According to recent findings, the level of micronutrients in pea milk is comparable to that found in cow’s milk.
In contrast to other plant-based alternatives, has a quantity of calcium, protein, and vitamin D that is comparable to that of dairy milk.
Individuals who are following a plant-based diet, are lactose intolerant, or are allergic to dairy products, have a wonderful alternative in the form of common non-dairy milk drinks, such as almond milk, soy milk, or oat milk.
However, for some individuals, particularly children, milk replacements may not provide enough quantity of protein, calories, or other necessary elements.
But still, pea milk contains at least 8 g of protein per 240 ml serving and is enriched to also include 150% higher calcium than cow’s milk does.
Barley vs Pea Milk Nutrition and Calories
Plant-based milks mostly consist of water, and barley and pea milks are no exceptions.
3.5 oz or 100 g of barley milk contains 29 calories, and consists mostly of protein (2.08 g), followed by fat (2.08 g) and carbs (1.25 g).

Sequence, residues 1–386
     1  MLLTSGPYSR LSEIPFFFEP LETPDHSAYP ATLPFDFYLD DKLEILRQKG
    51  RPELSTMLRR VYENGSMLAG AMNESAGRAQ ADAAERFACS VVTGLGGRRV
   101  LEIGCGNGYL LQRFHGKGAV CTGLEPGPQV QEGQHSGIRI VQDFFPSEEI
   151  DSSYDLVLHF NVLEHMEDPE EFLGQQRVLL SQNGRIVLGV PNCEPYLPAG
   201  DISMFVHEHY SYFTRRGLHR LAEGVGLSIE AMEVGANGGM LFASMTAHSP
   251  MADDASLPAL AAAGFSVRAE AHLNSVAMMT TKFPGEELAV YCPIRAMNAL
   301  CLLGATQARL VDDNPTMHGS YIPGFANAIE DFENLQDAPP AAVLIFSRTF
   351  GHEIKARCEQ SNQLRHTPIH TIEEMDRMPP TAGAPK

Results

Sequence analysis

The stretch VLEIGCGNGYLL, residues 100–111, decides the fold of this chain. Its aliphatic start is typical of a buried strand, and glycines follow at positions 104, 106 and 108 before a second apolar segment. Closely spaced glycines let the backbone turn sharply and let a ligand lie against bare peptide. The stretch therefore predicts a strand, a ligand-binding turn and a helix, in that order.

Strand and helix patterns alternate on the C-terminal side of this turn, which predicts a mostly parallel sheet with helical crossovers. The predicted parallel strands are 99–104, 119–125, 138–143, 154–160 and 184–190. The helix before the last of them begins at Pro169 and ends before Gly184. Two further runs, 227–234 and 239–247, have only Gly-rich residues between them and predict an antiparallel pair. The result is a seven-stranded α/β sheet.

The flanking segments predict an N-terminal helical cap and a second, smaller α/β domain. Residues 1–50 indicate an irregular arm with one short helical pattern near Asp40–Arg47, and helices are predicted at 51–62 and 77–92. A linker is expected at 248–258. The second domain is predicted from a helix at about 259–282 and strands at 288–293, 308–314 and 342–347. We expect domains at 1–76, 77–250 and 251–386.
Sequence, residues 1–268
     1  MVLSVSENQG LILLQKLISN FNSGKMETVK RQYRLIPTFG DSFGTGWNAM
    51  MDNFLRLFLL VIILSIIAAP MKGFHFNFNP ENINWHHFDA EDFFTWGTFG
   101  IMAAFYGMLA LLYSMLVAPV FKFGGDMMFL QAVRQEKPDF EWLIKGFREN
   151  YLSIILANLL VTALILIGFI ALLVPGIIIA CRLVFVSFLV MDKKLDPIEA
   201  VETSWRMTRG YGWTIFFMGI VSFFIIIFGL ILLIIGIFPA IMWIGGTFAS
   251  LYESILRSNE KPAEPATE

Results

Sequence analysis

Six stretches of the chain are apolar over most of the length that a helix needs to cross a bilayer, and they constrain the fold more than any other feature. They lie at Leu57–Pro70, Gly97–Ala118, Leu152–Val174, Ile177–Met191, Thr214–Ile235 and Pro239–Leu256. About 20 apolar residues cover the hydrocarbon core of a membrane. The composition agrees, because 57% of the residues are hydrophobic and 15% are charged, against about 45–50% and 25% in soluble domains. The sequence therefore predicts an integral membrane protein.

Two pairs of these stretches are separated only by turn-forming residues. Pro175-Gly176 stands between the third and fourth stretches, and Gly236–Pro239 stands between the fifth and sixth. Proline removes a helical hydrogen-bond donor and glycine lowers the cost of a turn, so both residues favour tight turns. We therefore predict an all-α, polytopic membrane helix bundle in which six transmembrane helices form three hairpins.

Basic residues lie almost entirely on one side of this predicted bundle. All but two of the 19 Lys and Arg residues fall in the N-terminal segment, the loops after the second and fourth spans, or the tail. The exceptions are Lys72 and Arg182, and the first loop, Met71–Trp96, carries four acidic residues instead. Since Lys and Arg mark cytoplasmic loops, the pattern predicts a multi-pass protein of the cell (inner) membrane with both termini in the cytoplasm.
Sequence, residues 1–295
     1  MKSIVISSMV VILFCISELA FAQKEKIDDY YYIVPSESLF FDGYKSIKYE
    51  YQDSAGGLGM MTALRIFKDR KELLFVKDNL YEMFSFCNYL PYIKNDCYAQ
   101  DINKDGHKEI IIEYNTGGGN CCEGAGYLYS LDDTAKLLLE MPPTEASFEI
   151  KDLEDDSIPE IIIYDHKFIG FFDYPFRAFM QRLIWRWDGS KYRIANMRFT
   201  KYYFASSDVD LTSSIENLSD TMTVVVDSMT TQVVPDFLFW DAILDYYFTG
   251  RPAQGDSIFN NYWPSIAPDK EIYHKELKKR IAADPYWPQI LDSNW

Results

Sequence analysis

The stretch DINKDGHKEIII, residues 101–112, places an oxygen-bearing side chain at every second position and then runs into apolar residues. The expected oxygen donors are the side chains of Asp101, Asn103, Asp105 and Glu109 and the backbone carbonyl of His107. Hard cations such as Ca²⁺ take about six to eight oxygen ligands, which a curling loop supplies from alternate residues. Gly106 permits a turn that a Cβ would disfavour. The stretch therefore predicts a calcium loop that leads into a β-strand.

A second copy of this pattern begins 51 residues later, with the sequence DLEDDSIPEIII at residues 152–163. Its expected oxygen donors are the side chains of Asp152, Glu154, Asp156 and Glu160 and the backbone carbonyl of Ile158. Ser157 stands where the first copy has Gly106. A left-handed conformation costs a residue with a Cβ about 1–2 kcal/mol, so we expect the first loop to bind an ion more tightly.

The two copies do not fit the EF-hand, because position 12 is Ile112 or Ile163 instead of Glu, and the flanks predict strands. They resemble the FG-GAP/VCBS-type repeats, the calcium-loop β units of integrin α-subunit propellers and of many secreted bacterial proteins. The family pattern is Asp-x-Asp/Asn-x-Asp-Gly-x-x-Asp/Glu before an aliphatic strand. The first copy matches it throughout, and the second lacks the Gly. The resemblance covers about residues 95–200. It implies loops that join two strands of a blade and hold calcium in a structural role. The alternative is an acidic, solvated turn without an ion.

Speaking of pea milk, the same amount contains 29 calories, and consists mostly of protein (3.33 g), followed by fat (1.88 g) and carbs (0 g).
The table below compares the nutrition of a 3.5-ounce (100-gram) portion of barley milk to the same amount of pea milk.
Fiber is important for our health as it keeps us feeling full, prevents constipation, lowers sugar spikes and regulates sugar levels, lowers total and LDL cholesterol, and provides many other benefits.
When it comes to dietary fiber, barley milk is a better choice. It contains 0.4 g per 3.5oz (100g), while pea milk is lower in dietary fiber with 0 g.
|Barley Milk||Pea Milk|
|Energy||29 kcal||29 kcal|
|Total Fat||2.08 g||1.88 g|
|Carbs||1.25 g||0 g|
|Fiber||0.4 g||0 g|
|Sugars||0 g||0 g|
|Protein||2.08 g||3.33 g|
What about micronutrients (vitamins and minerals) in barley and pea milk?
The table below shows the most important vitamins and minerals in unfortified or minimally fortified plant-based drinks available in the market. Some of these nutrients are hard to get on a vegan diet.
|Vitamin B-12||0 mcg||0 mcg|
|Calcium||192 mg||188 mg|
|Vitamin D||0 IU (1.25 mcg)||50 IU (1.25 mcg)|
|Iron||0.42 mg||1.12 mg|
|Magnesium||0 mg||0 mg|
|Phosphorus||0 mg||0 mg|
|Potassium||200 mg||188 mg|
|Vitamin A||0 mcg||62.4 mcg|
|Sodium||83 mg||54 mg|